Medical science has come a long way over the years. We’ve found treatments for the Black Death; we created a vaccine for chicken pox; and we’ve done away with diseases like smallpox and rinderpest worldwide. But there are still some diseases science can't fully explain.
These mystery diseases range from epidemics of dancing dating back to the 1500s, to illnesses that once attacked cows and now target humans. Though some may seem almost comical, most are horrifying, incurable, and dangerous. The fact is, we may never know the causes of a few of these illnesses, but research is ongoing. And for many of these, we can only hope the answers come soon.
Of course, what we do know for now is downright fascinating. So learn more about some of the strange diseases science doesn't understand... yet.
Foreign Accent Syndrome
Foreign Accent Syndrome is incredibly rare, and it has a variety of different causes. Typically occurring after head or brain trauma, a person will begin speaking in an accent different from their own and will be unable to stop. Some sufferers don't even realize they're doing it. Though FAS is an issue with the brain, scientists don't know why exactly it happens.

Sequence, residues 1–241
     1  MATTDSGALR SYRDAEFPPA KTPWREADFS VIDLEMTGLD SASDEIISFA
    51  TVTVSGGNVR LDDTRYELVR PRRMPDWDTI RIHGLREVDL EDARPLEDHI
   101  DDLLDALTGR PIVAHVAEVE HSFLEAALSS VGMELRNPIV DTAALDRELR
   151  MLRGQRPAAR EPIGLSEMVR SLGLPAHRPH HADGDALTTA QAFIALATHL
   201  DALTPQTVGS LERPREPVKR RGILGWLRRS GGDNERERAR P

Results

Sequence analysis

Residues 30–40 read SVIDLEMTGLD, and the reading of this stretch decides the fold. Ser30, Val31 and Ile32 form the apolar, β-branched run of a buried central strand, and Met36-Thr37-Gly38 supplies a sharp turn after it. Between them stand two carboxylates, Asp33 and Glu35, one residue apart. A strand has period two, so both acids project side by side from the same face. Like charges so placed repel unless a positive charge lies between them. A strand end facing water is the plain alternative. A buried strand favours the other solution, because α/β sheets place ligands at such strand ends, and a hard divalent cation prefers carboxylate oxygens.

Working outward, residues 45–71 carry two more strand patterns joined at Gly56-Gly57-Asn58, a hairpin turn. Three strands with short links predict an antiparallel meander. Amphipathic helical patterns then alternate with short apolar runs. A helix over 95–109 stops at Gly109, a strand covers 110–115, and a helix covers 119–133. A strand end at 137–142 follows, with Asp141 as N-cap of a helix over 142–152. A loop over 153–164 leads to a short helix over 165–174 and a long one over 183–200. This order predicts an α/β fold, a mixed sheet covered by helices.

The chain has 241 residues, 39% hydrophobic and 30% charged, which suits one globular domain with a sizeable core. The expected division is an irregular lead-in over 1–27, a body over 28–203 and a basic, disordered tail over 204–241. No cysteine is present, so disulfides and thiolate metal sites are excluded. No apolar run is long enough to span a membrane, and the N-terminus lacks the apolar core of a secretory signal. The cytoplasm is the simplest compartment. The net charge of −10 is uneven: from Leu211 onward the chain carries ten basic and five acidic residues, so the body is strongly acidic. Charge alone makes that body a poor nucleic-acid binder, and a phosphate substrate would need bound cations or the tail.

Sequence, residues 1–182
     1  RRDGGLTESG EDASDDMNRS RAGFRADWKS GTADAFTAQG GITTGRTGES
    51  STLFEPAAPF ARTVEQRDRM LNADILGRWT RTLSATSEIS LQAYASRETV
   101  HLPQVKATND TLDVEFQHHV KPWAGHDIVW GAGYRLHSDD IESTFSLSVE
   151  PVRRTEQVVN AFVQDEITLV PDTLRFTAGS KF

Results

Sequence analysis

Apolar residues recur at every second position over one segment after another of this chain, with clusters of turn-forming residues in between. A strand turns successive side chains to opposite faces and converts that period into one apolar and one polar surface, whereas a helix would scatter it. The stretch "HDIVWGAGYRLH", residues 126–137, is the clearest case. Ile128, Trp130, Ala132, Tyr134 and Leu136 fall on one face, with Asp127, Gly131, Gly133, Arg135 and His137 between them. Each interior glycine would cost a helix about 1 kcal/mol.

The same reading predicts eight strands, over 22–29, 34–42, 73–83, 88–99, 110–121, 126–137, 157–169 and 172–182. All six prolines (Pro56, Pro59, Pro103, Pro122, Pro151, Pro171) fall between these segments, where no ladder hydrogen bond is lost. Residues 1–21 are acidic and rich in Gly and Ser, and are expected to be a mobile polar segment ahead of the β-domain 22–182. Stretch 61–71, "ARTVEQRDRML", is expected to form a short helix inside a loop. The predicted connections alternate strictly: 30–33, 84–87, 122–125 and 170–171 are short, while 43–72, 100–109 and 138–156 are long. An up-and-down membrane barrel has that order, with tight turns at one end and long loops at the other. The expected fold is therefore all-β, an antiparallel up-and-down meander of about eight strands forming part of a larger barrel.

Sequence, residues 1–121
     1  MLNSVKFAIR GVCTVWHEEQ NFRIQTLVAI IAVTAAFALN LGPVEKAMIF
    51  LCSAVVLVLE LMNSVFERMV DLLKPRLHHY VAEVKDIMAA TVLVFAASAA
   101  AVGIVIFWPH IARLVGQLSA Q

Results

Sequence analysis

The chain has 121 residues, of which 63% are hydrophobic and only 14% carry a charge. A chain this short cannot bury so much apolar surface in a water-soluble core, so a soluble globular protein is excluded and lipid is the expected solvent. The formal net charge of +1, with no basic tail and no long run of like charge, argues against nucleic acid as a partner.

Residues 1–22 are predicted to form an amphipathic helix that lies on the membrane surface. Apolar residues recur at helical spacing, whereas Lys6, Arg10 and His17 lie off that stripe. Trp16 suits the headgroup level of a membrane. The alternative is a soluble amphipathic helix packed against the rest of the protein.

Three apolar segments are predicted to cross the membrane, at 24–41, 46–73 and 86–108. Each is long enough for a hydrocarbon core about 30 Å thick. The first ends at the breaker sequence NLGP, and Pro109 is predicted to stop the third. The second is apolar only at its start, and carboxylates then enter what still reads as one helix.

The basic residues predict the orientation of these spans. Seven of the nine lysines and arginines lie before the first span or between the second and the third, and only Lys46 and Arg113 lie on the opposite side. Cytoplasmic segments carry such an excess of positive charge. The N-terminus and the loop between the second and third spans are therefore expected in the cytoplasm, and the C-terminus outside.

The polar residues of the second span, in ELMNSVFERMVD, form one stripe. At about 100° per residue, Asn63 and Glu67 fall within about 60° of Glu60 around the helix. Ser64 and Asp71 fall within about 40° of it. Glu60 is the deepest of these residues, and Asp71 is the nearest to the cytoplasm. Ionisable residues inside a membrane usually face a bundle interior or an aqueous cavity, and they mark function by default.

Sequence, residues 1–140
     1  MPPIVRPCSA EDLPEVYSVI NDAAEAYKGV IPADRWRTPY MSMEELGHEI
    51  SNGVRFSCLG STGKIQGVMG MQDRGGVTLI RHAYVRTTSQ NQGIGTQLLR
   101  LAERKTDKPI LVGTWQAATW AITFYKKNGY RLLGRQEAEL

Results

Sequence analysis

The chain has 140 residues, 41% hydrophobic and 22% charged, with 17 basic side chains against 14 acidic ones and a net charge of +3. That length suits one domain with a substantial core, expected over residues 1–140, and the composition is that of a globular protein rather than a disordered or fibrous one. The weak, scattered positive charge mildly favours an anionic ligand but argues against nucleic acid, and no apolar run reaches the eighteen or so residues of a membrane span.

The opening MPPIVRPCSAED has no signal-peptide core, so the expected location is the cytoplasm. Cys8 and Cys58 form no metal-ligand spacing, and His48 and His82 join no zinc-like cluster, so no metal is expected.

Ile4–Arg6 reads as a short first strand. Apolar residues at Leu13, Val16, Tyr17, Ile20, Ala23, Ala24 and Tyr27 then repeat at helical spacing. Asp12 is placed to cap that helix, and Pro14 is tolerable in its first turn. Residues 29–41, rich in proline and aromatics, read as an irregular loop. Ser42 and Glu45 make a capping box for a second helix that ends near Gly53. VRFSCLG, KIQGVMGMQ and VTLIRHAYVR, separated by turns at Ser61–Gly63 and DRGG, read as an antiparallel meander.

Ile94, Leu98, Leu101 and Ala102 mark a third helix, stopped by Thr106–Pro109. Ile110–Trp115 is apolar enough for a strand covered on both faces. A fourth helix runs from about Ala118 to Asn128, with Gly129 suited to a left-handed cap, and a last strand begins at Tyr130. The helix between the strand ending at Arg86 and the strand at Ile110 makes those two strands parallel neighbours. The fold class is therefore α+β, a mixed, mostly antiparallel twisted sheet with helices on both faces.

Burning Mouth Syndrome
You know that feeling of your mouth being on fire when you eat spicy food? Well, imagine if that happened to you for no reason, all the time. Burning mouth syndrome occurs when a person has a chronic feeling of burning in their tongue, gums, or whole mouth with no apparent cause. A few treatments exist, but a healthcare professional is typically needed to manage it.
Schizophrenia should not be confused with multiple personality disorder, as popular media often interchange the two. Schizophrenia involves a plethora of different symptoms, many of which change from person to person, and include hearing voices, paranoia, disorganized speech and thought, and difficulty perceiving what is real.
This disease has been studied for decades upon decades, but we still do not fully understand the cause, nor have we discovered any cure.
Clinically called aquagenic urticaria, those who suffer from this allergy break out in painful and itchy lesions when exposed to water. That means no swimming, no bathing - even problems drinking water. We know the problem involves a genetic mutation, but researchers have no clue as to the cause.